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Early seedling establishment on aged Tasmanian tin mine tailings constrained by nutrient deficiency and soil structure, not toxicity

Citation

Macdonald, S and Jordan, GJ and Bailey, TG and Davidson, NJ, Early seedling establishment on aged Tasmanian tin mine tailings constrained by nutrient deficiency and soil structure, not toxicity, Soil Research pp. 1-12. ISSN 1838-675X (In Press) [Refereed Article]


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DOI: doi:10.1071/SR16190

Abstract

Revegetation of exposed wastes at historically abandoned mines is frequently constrained by inherent characteristics of poorly developed and contaminated soils. We tested whether the establishment of seedlings on 85-year-old arsenic rich tailings deposits at an abandoned tin mine in north-east Tasmania was limited by toxicity, nutrient limitation or structural factors. We conducted soil analyses, and tested growth of six native species in pot studies utilising both fertiliser treatments and a replacement series involving tailings and potting medium. An in situ three-year field trial was also conducted to assess the effects of adding sand, compost and biochar on plant growth and water infiltration.

Analyses of the tailings identified a finely laminated structure and potential manganese, magnesium and potassium deficiencies. There was no evidence of microbial inhibition or adverse metals toxicity, pH or salinity effects. The pot trial indicated nutrient limitation acting on each of the species tested. Physical amendment within the field trial resulted in a highly significant and sustained improvement in infiltration rate, as well as improved growth in three of the six species tested.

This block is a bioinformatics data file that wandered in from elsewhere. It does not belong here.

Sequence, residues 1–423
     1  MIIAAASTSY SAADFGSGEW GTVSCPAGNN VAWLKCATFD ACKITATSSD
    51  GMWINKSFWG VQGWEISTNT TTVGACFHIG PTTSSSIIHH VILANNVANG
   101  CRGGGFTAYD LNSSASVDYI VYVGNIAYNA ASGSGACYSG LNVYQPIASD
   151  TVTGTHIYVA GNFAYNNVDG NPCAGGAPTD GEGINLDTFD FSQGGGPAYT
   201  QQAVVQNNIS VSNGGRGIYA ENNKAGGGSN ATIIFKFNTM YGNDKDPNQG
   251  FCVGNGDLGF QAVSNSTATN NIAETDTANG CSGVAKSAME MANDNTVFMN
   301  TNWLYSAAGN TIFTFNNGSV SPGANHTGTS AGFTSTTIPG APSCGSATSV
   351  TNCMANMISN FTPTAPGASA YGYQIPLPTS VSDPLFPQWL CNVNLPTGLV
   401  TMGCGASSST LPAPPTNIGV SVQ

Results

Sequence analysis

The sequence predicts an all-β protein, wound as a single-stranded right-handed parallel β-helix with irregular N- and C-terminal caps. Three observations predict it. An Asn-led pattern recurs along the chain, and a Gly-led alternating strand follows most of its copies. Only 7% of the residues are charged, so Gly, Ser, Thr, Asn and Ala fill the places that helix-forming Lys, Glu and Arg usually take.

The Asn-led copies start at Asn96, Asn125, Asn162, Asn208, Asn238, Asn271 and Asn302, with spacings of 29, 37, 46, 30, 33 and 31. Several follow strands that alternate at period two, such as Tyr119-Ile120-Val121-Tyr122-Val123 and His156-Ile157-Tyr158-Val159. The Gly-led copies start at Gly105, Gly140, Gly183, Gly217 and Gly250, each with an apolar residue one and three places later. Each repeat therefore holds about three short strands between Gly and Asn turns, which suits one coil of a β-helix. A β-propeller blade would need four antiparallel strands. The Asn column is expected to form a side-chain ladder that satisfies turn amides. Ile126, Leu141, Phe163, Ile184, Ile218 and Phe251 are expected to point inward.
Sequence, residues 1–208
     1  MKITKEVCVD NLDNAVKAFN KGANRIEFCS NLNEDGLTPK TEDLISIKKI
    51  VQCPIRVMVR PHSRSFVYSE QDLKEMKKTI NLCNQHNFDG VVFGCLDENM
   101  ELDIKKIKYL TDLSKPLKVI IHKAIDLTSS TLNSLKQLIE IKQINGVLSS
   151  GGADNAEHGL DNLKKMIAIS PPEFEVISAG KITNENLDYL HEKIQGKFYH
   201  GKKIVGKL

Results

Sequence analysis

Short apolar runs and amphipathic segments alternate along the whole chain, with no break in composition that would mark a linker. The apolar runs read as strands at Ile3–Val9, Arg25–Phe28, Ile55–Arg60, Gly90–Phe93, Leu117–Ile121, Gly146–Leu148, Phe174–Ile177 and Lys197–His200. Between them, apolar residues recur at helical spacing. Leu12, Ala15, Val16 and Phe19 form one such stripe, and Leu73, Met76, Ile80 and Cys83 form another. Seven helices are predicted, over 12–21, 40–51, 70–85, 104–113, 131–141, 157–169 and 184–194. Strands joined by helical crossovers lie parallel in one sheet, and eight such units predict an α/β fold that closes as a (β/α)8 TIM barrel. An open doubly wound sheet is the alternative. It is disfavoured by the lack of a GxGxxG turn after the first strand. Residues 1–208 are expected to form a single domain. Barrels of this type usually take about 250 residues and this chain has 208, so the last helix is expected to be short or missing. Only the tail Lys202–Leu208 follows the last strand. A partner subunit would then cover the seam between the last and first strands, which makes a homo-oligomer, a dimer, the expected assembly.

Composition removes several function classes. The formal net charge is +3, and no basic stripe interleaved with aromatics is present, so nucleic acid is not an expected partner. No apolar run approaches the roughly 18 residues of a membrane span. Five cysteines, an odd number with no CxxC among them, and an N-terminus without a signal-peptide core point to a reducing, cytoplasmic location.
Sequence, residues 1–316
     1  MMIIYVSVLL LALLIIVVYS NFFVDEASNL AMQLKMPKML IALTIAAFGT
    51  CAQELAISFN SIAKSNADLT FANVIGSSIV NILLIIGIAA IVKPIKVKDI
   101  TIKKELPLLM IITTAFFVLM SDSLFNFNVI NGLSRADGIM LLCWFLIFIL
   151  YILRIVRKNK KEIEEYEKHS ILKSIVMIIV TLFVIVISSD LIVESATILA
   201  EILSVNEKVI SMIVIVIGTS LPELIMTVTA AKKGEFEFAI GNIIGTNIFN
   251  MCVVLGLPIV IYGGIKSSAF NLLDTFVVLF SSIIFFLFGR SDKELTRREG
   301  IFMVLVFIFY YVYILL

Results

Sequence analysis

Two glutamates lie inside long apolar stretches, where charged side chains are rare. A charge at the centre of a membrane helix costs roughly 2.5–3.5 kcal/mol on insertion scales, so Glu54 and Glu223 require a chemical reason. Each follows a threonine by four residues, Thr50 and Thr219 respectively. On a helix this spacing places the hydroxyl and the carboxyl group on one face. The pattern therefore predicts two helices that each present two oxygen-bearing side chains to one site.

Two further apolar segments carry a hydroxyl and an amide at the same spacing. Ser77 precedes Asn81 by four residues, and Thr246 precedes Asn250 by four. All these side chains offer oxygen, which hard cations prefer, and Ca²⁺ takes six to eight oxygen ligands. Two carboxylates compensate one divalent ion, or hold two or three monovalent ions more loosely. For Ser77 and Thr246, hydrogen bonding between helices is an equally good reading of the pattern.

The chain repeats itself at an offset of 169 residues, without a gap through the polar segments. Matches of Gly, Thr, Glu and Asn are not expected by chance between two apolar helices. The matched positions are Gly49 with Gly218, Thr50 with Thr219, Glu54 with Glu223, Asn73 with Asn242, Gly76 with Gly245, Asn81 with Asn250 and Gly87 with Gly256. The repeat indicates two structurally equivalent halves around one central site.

We conclude that the correction of nutritional and physical deficiencies in surface soils should overcome limitations to the early establishment of native seedlings at this site. This study shows that systematic site assessment and targeted trials is a valuable first step in the revegetation of previously recalcitrant sites.

Item Details

Item Type:Refereed Article
Keywords:amelioration, mine wastes, nutrient limitation, phytoremediation, phytostabilisation, plant establishment, restoration.
Research Division:Biological Sciences
Research Group:Ecology
Research Field:Terrestrial Ecology
Objective Division:Environment
Objective Group:Flora, Fauna and Biodiversity
Objective Field:Forest and Woodlands Flora, Fauna and Biodiversity
Author:Macdonald, S (Mr Stuart Macdonald)
Author:Jordan, GJ (Associate Professor Greg Jordan)
Author:Bailey, TG (Dr Tanya Bailey)
Author:Davidson, NJ (Dr Neil Davidson)
ID Code:116653
Year Published:In Press
Deposited By:Plant Science
Deposited On:2017-05-16
Last Modified:2017-05-16
Downloads:0

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